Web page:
Could You Resuscitate This Newborn?

April 1st, 2012 by INMED

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You are in Burma teaching Helping Babies Breathe – a newborn resuscitation curriculum for resource-limited settings. Your venue is a Burmese national hospital with an assembly of excited nurses and midwives. But your presentation is suddenly interrupted by an urgent call from the post partum floor: “We have a baby who is not breathing.”

 

You scurry to the ward to find a full-term newborn just minutes since birth. He appears listless, cyanotic, and with grunting respirations. With each gasp his chest caves in. Your anxious learners watch as you palpate the umbilical cord and announce the pulse rate is over 120 beats per minute.
You anticipate that the most likely cause of this baby’s distress is:

 

A Diaphragmatic hernia
B Hypoglycemia
C Transient tachypnea of the newborn
D Pneumonia
E Pneumothorax

 

Transient tachypnea of the newborn (TTN) is the most common cause of neonatal respiratory distress, constituting more than 40 percent of cases throughout the world. TTN is a lung disorder characterized by pulmonary edema resulting from delayed resorption of fetal alveolar fluid. Diaphragmatic hernia, hypoglycemia, pneumonia and pneumothorax are potential but relatively uncommon causes of newborn distress among term infants. “C” is the correct answer.

 

You immediately instruct your students to aggressively dry the infant. You then call for oxygen, but are told that the O2 calendars along the wall are all empty. Borrowing a stethoscope, a quick auscultation of the chest reveals coarse but present lung sounds throughout.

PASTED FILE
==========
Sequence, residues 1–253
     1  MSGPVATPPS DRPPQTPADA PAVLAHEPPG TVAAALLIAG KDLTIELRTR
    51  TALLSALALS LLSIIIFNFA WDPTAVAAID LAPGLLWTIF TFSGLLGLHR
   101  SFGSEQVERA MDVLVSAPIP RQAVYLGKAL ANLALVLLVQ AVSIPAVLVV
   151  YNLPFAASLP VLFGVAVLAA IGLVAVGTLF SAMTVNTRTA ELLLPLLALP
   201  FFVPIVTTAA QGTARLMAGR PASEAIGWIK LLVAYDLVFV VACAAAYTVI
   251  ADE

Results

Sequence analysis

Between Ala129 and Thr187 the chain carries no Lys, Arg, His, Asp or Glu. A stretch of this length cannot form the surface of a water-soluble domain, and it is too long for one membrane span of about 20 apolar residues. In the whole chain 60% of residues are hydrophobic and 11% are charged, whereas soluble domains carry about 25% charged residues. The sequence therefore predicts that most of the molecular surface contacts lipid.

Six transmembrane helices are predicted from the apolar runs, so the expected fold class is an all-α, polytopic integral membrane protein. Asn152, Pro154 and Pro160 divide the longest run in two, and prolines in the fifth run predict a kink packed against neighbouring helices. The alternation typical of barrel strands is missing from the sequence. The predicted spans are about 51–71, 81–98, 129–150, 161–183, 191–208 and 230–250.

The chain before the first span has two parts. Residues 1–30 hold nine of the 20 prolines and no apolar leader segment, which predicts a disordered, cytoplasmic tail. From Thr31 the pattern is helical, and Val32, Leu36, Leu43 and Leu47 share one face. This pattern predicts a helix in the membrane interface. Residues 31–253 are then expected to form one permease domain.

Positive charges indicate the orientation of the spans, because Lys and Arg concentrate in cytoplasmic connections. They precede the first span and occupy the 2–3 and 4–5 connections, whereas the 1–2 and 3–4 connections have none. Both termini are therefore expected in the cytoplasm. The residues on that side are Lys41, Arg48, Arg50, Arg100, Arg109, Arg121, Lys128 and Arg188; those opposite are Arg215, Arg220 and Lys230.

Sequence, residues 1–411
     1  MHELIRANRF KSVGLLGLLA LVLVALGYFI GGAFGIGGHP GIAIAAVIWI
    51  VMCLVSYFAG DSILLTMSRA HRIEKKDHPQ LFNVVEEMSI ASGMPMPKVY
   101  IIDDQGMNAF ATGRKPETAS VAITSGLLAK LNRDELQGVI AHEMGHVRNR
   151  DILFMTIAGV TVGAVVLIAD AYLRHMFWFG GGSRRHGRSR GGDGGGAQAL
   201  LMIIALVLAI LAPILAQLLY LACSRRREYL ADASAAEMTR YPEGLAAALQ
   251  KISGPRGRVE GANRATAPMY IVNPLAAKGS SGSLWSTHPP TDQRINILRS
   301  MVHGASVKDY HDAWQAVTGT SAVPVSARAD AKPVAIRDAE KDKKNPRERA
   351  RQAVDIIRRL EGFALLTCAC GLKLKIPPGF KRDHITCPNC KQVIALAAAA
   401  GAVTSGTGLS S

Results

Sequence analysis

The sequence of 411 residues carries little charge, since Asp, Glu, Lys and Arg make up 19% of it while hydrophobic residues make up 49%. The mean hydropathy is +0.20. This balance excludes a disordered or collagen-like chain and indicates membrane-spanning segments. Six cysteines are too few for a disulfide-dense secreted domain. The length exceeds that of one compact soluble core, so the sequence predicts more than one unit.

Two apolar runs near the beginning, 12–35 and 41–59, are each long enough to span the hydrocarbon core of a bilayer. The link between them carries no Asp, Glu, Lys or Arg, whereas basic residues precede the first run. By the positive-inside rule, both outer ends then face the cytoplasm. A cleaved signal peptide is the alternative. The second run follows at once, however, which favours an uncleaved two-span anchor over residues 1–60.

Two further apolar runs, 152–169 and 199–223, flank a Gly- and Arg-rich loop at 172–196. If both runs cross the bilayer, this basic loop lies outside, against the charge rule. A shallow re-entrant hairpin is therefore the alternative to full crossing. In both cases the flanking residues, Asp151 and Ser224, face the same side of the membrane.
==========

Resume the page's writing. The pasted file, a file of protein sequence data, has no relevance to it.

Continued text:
Your next immediate step in the management of this infant is to:

 

A Begin an intravenous infusion of normal saline
B Provide artificial ventilation with a bag and mask apparatus
C Administer epinephrine subcutaneously
D Request a chest radiograph
E Begin gavage feedings

 

The immediate treatment for neonatal respiratory distress due to TTN or most any other cause is assurance of adequate ventilation, most commonly with a bag and mask apparatus. Room air or supplemental oxygen administered in this way usually results in rapid improvement in a newborn’s status. Less urgent interventions include chest radiography to differentiate causes of respiratory distress, and intravenous normal saline and gavage feeds for provision of fluids and nutrition. Epinephrine administer is rarely indicated in neonatal resuscitation. “B” is the correct answer.

 

Neonatal respiratory distress is one of the most devastating and preventable causes of death in the world’s poorest communities. In response, the American Academy of Pediatrics launched the Helping Babies Breathe educational program. Join us on June 1-2 at the Exploring Medical Missions Conference for Helping Babies Breathe instruction. You too could become a Helping Babies Breathe teacher, and transfer these life-saving skills to healthcare providers around the globe.

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